• Supporting only TLS 1.2, and not TLS 1.1, TLS 1.0, or SSL 3.0
  • Supporting only strong ciphers such as AES, and not weaker ciphers such as RC4
  • Having an X.509 public key certificate issued correctly by ACM

How to test your application privately with sslscan

You might not be able to reach your Elastic Beanstalk application from the Internet because it might be in a private subnet that is only accessible internally. If you want to test the security of your load balancer’s configuration privately, you can use one of the open source command-line tools such as sslscan. You can install and run the sslscan command on any Amazon EC2 Linux instance or even from your own laptop. Be sure that the Elastic Beanstalk application you want to test will accept an HTTPS connection from your Amazon Linux EC2 instance or from your laptop.

The easiest way to get sslscan on an Amazon Linux EC2 instance is to:

  1. Enable the Extra Packages for Enterprise Linux (EPEL) repository.
  2. Run sudo yum install sslscan.
  3. After the command runs successfully, run sslscan secure.example.com to scan your application for supported ciphers.

The results are similar to Qualys’ results at SSLLabs.com, but the sslscan tool does not summarize and evaluate the results to assign a grade. It just reports whether your application accepted a connection using the cipher that it tried. You must decide for yourself whether that set of accepted connections represents the right level of security for your application. If you have been asked to build a secure load balancer that meets specific security requirements, the output from sslscan helps to show how the security of your application is configured.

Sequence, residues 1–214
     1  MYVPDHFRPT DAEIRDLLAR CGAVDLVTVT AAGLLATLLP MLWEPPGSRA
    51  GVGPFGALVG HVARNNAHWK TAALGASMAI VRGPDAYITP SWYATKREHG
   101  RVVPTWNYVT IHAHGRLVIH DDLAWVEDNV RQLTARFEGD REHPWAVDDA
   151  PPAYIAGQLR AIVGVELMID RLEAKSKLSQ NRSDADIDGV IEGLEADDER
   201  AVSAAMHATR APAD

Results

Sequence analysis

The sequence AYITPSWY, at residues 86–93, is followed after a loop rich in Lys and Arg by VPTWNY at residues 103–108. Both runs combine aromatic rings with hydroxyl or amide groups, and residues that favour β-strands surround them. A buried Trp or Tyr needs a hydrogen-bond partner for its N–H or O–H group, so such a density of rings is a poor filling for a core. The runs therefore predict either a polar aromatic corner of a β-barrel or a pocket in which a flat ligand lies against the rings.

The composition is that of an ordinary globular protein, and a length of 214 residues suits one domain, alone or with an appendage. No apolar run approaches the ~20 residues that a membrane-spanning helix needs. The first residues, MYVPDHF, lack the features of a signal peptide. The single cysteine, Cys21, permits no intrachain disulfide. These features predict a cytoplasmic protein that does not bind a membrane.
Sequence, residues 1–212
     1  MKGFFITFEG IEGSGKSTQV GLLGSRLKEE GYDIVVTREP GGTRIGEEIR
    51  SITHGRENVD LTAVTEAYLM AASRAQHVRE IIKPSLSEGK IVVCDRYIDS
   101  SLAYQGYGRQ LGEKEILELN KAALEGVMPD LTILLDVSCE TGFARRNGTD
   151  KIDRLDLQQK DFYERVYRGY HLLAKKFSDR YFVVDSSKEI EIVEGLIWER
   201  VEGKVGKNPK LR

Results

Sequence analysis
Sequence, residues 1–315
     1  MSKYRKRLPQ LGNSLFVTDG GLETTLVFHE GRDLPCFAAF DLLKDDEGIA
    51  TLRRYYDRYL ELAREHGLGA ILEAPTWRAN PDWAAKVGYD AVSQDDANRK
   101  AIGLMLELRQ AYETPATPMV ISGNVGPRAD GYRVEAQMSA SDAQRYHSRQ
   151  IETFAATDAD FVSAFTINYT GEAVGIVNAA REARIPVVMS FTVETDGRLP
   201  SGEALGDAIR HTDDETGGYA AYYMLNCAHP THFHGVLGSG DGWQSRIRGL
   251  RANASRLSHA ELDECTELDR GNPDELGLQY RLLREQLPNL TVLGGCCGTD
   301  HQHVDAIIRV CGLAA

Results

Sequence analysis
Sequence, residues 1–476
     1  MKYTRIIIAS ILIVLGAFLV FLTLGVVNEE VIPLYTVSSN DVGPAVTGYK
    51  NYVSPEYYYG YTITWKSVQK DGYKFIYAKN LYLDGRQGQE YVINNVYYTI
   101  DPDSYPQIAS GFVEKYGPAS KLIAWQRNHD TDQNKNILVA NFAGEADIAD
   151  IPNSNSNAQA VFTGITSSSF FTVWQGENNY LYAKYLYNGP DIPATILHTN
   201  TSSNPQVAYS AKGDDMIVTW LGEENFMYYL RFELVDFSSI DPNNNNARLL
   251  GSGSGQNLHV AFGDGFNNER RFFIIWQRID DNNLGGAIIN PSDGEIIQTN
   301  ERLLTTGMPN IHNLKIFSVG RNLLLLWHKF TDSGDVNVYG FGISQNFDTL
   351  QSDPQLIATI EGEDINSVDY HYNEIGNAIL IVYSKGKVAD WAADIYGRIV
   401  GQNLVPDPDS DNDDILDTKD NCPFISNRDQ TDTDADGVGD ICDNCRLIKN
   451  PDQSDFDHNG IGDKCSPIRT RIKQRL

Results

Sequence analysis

The following sample output shows a small subset of the total output of the sslscan tool.

AcceptedTLS12256 bitsAES256-GCM-SHA384
AcceptedTLS12256 bitsAES256-SHA256
AcceptedTLS12256 bitsAES256-SHA
RejectedTLS12256 bitsCAMELLIA256-SHA
FailedTLS12256 bitsPSK-AES256-CBC-SHA